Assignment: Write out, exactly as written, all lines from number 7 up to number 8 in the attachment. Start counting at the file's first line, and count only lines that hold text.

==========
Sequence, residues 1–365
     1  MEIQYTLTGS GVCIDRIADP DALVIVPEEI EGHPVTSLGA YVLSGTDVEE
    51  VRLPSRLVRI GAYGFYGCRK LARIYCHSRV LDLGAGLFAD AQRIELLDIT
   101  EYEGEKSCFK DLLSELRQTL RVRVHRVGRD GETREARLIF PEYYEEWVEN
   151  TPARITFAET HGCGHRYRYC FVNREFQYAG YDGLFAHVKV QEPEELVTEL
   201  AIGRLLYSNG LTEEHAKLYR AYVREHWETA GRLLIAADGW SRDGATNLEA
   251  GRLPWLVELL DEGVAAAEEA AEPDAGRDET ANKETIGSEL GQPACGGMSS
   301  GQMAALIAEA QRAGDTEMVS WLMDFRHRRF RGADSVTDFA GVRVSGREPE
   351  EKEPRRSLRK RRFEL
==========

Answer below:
   251  GRLPWLVELL DEGVAAAEEA AEPDAGRDET ANKETIGSEL GQPACGGMSS
   301  GQMAALIAEA QRAGDTEMVS WLMDFRHRRF RGADSVTDFA GVRVSGREPE